Science for sale: Diet-based DNA testing veers into marketing

Is diet-based DNA testing about science, marketing or both?

Welcome to the world of "translational science"

It is no longer enough for scientists to discover something, publish their findings and advance knowledge. These days they are also expected to translate that knowledge into economic activity.

Which brings me to the curious press release I received from the University of Toronto about diet-based DNA tests. The headline announced the good news: "Genetic testing for personalized nutrition leads to better outcomes."

It seemed curious because the scientist doing the research is also selling a diet-based DNA test.

A promotional video for the private company was attached to the news release. And the whole package was sent out by the university's strategic communications and marketing department, clearly stating that the company is a university spinoff, which means U of T receives royalties from the sale of the tests.

So is this finding about science? Or marketing? Or both?

Welcome to the new world of "translational science" where, increasingly, funding for basic science is tangled up in commercial strings as Ottawa ties its grants to research that will translate into commercial applications.

That means in order to get money to do their experiments, scientists have to declare how they can sell the thing they haven't even discovered yet.

It's an approach that the association representing Canada's university-based researchers has sharply criticized.

"The obsession with commercial outcomes has encouraged an emphasis on minor modifications to existing drugs and devices, rather than fundamental explorations of the causes of illness and the methods of prevention," the Canadian Association of University Teachers wrote earlier this year.

"This approach reflects a dangerously short-sighted and narrow view of science that ignores the history of scientific advances."

Genes for caffeine

In this new world, professors are pushed to file patents, universities boast about the number of private "spinoff" companies they create, and it is left to the old school academics to worry about what is being lost in the rush to commercialize.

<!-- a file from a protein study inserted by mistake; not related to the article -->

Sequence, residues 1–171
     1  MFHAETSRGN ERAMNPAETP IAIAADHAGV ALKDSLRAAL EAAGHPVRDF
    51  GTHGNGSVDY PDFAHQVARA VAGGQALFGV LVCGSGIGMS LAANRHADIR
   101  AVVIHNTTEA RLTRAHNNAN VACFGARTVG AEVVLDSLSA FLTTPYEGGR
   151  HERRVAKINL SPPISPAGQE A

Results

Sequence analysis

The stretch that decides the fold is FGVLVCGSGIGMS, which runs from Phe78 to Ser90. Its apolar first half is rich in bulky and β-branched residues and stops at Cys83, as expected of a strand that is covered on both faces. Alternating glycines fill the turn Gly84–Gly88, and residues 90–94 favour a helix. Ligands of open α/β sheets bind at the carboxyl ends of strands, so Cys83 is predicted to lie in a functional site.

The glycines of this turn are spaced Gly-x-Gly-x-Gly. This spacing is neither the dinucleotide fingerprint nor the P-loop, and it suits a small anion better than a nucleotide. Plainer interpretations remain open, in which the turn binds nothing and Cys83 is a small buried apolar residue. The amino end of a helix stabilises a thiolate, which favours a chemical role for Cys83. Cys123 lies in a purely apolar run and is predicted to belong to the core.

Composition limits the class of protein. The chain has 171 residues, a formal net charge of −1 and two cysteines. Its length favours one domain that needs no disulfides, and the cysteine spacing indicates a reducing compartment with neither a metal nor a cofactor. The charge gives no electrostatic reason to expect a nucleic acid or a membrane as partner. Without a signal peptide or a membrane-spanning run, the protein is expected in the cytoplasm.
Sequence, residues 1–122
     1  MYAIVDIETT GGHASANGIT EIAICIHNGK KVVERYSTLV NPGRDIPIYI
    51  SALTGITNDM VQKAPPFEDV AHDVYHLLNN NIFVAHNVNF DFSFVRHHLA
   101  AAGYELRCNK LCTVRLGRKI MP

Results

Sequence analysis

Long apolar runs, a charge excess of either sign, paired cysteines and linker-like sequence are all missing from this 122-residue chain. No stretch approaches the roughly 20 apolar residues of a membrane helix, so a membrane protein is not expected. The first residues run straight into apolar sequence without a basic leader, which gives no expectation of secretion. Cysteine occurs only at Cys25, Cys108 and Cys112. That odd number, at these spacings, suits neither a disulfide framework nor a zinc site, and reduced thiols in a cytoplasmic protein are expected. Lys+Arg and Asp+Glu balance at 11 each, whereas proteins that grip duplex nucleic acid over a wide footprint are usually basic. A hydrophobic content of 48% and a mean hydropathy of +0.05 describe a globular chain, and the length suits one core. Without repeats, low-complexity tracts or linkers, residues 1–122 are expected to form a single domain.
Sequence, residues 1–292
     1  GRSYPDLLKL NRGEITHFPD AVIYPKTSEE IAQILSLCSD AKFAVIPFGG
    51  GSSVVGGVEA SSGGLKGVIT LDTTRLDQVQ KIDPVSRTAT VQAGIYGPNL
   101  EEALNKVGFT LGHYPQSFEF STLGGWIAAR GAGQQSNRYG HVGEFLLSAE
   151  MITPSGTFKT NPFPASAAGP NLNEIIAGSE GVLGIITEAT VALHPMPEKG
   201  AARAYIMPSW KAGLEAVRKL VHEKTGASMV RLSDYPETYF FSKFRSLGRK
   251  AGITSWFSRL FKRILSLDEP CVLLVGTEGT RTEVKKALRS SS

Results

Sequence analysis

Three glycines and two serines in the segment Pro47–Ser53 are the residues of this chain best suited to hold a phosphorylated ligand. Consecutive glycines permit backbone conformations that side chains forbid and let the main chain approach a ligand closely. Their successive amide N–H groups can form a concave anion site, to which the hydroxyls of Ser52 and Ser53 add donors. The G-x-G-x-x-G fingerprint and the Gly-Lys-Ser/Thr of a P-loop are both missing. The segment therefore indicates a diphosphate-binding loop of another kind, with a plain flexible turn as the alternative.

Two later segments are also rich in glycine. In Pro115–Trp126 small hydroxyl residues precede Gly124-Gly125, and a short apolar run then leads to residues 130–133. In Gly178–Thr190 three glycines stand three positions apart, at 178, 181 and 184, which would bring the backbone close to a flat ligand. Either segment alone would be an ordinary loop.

In this case, nutrition scientist Ahmed El-Sohemy invented a DNA test based on his publicly funded research.
As all professors are encouraged to do, he used the university's "invention disclosure" process to develop a licensing agreement with the university. He then formed a for-profit company, which has marketed the test in over 22 countries.
The university doesn't have shares in the company, but it receives royalties. (The company is private which means there is no public disclosure about who owns its shares.)

There are other genetic tests in the market, but Nutrigenomix is different because it is sold exclusively through registered dietitians, even though El-Sohemy said business advisers told him he could increase market share faster if he sold it directly to consumers.

It's the risk of a conflict.- Christopher McCabe

For about $350 and a bit of saliva, you can find out if you have a handful of genes that are linked to the metabolism of salt, vitamin C, caffeine and other nutrients.

If you have the genes, you will be advised to eat more or less of the thing, which in turn, might reduce the risk of hypertension and other conditions.

Conflict of interest?

Will people change their behaviour if they know they have a genetic predisposition to metabolize caffeine too slowly? Does personalized DNA diet advice work?